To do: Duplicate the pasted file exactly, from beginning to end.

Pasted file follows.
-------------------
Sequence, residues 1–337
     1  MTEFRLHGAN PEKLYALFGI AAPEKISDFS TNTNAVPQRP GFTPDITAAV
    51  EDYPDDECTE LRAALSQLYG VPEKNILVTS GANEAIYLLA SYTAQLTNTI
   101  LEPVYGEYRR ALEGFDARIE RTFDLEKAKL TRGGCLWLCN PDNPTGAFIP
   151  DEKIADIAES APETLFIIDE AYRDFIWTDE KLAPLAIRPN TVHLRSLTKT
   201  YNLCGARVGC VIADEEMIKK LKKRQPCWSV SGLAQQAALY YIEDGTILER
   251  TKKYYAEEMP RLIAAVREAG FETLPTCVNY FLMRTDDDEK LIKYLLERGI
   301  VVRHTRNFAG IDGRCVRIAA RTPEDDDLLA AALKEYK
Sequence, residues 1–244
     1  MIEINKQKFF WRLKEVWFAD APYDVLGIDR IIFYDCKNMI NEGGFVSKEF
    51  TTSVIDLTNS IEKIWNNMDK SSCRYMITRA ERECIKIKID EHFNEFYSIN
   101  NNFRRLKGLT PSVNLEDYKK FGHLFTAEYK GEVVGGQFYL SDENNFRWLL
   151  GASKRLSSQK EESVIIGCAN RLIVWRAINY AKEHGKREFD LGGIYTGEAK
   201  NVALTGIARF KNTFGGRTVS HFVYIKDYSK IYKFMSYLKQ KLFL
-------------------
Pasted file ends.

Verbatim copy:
Sequence, residues 1–337
     1  MTEFRLHGAN PEKLYALFGI AAPEKISDFS TNTNAVPQRP GFTPDITAAV
    51  EDYPDDECTE LRAALSQLYG VPEKNILVTS GANEAIYLLA SYTAQLTNTI
   101  LEPVYGEYRR ALEGFDARIE RTFDLEKAKL TRGGCLWLCN PDNPTGAFIP
   151  DEKIADIAES APETLFIIDE AYRDFIWTDE KLAPLAIRPN TVHLRSLTKT
   201  YNLCGARVGC VIADEEMIKK LKKRQPCWSV SGLAQQAALY YIEDGTILER
   251  TKKYYAEEMP RLIAAVREAG FETLPTCVNY FLMRTDDDEK LIKYLLERGI
   301  VVRHTRNFAG IDGRCVRIAA RTPEDDDLLA AALKEYK
Sequence, residues 1–244
     1  MIEINKQKFF WRLKEVWFAD APYDVLGIDR IIFYDCKNMI NEGGFVSKEF
    51  TTSVIDLTNS IEKIWNNMDK SSCRYMITRA ERECIKIKID EHFNEFYSIN
   101  NNFRRLKGLT PSVNLEDYKK FGHLFTAEYK GEVVGGQFYL SDENNFRWLL
   151  GASKRLSSQK EESVIIGCAN RLIVWRAINY AKEHGKREFD LGGIYTGEAK
   201  NVALTGIARF KNTFGGRTVS HFVYIKDYSK IYKFMSYLKQ KLFL